Monday, December 2, 2019

Playing Against Mr Babbage

Whenever I read someone's post about Dan Mersey's The Men Who Would Be Kings (TMWWBK) inevitably someone will mention the solo rules Playing Against Mr Babbage (PAMB) that are included in the rules. To be honest, that is the only reason I purchased those rules. So, what are they?

PAMB is essentially a programmed opponent, mixed with some rule changes to TMWWBK to compensate for the fact that the programmed opponent will never be as smart as the player. In general I do not like modifying rules, even for the programmed side. As a solo gamer I acknowledge that gameplay will never be as challenging as a live opponent, so I solo game to try out tactics or strategies, refine lists or decks, or to create an interesting or amusing narrative.

So, how is PAMB programmed? Basically it is a simple rule-based system with priorities identified for each unit type and general actions to take if the unit-based ones do not apply. The first system is for programming the natives, but includes a second system for programming the Imperial forces. Here is a small sampling, to give you an idea. (But not all. You should buy the book.)

  1. I like my shooting units to find cover and stay there. Failing that, I like them to advance to short range and fire, avoiding melee.
  2. I like my melee units to advance quickly into contact, towards the closest enemy they can see, except as noted in rule 3.
  3. ...
Pretty simple, but descriptive enough for the player to reasonably determine what should be done when it comes time to act with a unit. Note, however, that the rules are not written in order of precedence (as indicated by rule 2 stating there is an exception in rule 3). So you have to read through all of the rules to see which one makes the most sense.

As stated previously, PAMB also has rules that modify the TMWWBK rules, such as randomly appearing native units (similar to the Two Hour Wargames' PEF concept), native action modifiers (which include the unit leaving the table), and recycling native units.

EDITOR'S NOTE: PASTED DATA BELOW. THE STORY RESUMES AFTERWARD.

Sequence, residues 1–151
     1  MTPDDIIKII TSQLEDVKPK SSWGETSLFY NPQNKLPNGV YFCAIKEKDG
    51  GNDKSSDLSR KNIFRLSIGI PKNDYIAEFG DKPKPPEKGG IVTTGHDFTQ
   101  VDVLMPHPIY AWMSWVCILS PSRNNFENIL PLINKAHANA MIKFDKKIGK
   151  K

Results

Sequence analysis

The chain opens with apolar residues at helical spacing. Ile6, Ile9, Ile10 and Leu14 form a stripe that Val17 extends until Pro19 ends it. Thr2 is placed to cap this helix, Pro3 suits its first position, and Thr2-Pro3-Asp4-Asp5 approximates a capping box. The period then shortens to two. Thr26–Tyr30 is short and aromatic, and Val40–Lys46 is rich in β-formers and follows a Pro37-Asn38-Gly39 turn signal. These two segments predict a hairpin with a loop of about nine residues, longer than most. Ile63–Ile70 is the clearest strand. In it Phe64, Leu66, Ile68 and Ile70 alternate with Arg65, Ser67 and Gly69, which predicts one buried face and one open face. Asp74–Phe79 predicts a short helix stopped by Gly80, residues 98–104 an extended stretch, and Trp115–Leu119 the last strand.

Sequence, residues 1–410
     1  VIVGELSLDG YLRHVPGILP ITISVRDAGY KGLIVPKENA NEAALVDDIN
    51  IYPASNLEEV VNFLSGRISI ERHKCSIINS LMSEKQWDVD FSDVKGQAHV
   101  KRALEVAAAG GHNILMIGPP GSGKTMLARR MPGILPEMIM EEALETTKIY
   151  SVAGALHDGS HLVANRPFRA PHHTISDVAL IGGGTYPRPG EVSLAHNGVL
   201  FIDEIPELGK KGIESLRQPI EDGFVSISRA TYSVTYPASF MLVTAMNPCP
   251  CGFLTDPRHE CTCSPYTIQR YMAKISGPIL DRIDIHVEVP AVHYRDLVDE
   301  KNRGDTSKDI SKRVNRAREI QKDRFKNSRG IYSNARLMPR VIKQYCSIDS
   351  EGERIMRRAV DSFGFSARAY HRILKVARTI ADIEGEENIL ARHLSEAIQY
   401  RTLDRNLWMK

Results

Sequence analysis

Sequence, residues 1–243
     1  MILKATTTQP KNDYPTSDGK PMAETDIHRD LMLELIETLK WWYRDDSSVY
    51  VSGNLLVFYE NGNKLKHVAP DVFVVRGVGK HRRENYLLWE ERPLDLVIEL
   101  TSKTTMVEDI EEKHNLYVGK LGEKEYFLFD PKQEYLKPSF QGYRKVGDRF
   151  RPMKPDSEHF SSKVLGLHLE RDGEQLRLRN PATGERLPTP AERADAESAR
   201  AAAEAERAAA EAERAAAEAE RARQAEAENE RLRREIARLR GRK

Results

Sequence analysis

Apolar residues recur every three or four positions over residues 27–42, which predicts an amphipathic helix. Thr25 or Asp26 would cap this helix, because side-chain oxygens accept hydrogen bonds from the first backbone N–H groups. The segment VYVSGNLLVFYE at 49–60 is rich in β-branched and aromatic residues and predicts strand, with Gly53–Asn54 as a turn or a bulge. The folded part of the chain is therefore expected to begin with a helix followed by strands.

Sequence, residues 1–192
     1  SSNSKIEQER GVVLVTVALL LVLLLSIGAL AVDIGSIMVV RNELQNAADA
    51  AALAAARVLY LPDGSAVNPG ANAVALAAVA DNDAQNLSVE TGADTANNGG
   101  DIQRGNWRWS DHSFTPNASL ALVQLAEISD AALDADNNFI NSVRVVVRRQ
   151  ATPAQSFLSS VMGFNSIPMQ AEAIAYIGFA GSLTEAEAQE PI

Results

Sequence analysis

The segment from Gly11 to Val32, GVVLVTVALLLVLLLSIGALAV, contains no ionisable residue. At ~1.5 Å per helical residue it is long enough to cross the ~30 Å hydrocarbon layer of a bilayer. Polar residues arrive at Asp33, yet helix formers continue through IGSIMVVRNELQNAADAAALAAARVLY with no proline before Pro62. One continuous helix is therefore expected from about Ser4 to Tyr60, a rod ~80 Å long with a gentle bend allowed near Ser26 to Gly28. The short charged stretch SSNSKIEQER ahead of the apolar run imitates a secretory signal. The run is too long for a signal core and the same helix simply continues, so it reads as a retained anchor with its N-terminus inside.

My dream has always been for solo gamers to be able to 'trade' programmed opponents. My schemes have always been too complex - essentially requiring other gamers to have computer programming skills to define the rules - and I can see that PAMB's method is a good start towards codifying such rules for programmed opponents. The one change I would make is that rules have to be in order of precedence and that when you hit a rule that applies, you stop evaluating the rules.

I still think that generic opponents would be harder to create than ones for a specific scenario for a specific time period. Maybe that will be my next project.


  1. Maybe I'm missing something but I still don't get how to use them. Does each rule apply to the entire army? To a single unit? Do you start with rule 1 and work your way down? They needed a better explanation.


    1. These are unit-level rules. As it says: "In Mr Babbage's rules for automated combat, you do not choose the actions of those units opposing you (unless something ever so obvious and beneficial to a unit can be agreed)." Given they are solo rules, it is easy to get your opponent's agreement. :)

      "When play shifts to the native force's turn, select one native unit, roll a die and consult Babbage's Table 2 and implement the Outcome to determine their action during their turn; do this for each native unit currently on the table."

      So basically roll for each unit against Table 2, using the rules at the start as a 'modifier' of sorts. So, for example, when you roll 'Advance' for a shooting unit, and you are already in cover and able to fire, you would stay put and fire as the roll allowed moving and firing, but the rule stated that you stop moving if in cover and able to fire.

  2. I have put off picking up TMWWBK but this is the second mention of "Playing Against Mr Babbage" I have seen in as many days and my resolve is weakening. It does look like an interesting tactical solo engine.

    1. I probably did not describe it enough. I always err on the side of not giving away the secret sauce.

      Basically there is a table that defines how cautious or bold a unit will act. You roll against that table for each unit in the programmed opponent's force. That is essentially the modifier for the base rule, which I described above.

      In addition, there are a number of additional rules that are provided for the programmed opponent in order for it to 'cheat' in a consistent way. The rationale is that this provides a rule-based edge over the player, as a programmed opponent will never be as smart as a player.

    2. Oh, and check out my previous two blog posts on Hostile: Tactical A.I. if you are looking for a tactical solo engine. It answers all of the basic questions a solo system should have: who gets to act; who acts next; how do they act. The Mr. Babbage system ignores the first question (because all units get to act in TMWWBK) and the second, and only deals with the third. So consider it a starting point, not a complete, generic system.